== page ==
How Going Abroad Helps in Bypasses Certain Issues

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Malin
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03 Oct 2010, 1:54 pm

I'm in an exchange program with another university in Czech Republic. I don't know Czech so I'm not in with the Czech students, but rather a mix of Americans, Europeans from just about every area you can imagine and some countries.
The lingua franca of this realm is English. Literally everyone speaks it as a second language. As a result of speaking it as a second language, there are a number of interesting qualities to the 'Exchange English' spoken here.

1) Little to no metaphor is used.
2) People speak grammatically correct English in so far as they are able, and are always open to being more correct.
3) Everyone's ideal accent is a very plain 'news-reader' accent (my term, not theirs). They understand me better than the other native English speakers here because I have this accent, or 'no accent', as they call it.
4) Equivocation is avoided.
5) Pointless additional words are removed. Examples of common pointless words in sentences are: swear words (most swearing is pointless, not all), ' . . . .and stuff', 'like' (e.g. it was good *like*), and many others besides.
6) Basic conversation is very structured. It consists of 'What is your name?', 'What are you studying?' and 'Where are you from?', with no restrictions on whom these questions can be posed to, meaning anyone you see who's not walking somewhere.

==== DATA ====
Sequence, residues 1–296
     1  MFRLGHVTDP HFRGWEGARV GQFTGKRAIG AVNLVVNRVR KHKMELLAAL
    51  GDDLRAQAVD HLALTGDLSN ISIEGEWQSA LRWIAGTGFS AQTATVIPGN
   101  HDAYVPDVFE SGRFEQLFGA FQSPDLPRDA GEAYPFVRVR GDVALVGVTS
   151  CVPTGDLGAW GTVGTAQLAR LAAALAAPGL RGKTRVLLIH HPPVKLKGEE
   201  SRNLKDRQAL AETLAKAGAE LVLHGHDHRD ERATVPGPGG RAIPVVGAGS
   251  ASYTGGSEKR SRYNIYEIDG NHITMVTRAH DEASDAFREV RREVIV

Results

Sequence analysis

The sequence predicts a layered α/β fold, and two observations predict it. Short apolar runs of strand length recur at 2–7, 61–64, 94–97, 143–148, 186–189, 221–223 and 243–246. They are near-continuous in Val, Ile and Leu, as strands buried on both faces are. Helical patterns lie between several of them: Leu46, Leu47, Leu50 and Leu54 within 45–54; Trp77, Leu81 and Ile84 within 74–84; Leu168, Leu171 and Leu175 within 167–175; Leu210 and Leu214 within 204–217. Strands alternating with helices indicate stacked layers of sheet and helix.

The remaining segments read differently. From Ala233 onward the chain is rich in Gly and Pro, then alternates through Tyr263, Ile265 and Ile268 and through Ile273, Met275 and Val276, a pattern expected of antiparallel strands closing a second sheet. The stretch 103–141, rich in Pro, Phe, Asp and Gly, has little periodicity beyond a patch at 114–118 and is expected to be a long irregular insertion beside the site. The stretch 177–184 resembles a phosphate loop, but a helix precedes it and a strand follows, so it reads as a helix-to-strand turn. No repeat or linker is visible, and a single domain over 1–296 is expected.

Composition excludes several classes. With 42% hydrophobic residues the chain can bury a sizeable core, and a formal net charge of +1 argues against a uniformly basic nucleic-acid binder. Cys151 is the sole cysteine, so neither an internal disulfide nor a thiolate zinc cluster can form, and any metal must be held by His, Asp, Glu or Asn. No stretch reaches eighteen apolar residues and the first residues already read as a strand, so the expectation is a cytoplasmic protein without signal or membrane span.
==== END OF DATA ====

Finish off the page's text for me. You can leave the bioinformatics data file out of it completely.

Also, I'm not an outsider here, because when everyone is an outsider (everyone being from different cultures) then nobody is.

There are little expected modes of behaviour. People don't simply take each others food (we have a communal kitchen), instead food sharing patterns are very simply and unapolagetically discussed, leaving no room for miss-interpretation.

Has anyone else found this when travelling?

I'm liking the experience, and would recommend it to anyone.
The student exchange is also good because being surrounded by students means being surrounded by people with special interests which they are happy to discuss.



AardvarkGoodSwimmer
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03 Oct 2010, 2:51 pm

Malin wrote:
. . . People don't simply take each others food (we have a communal kitchen), instead food sharing patterns are very simply and unapolagetically discussed, leaving no room for miss-interpretation. . .

That sounds pretty good. And that's the way things should be. That unknown things are discussed in advanced.



thegreatpretender
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03 Oct 2010, 2:56 pm

I warmly recommend living abroad. Locals have a much greater tolerance for idiosyncrasies, as they are blamed (or rather attributed) to your being foreign. This allows you to have a sweet life where you are seen as "charming" rather than "weird". Just caricaturing but it works!

One thing though: you'll have to keep away from people from your own country as they will not make the same allowances...

Enjoy your experience...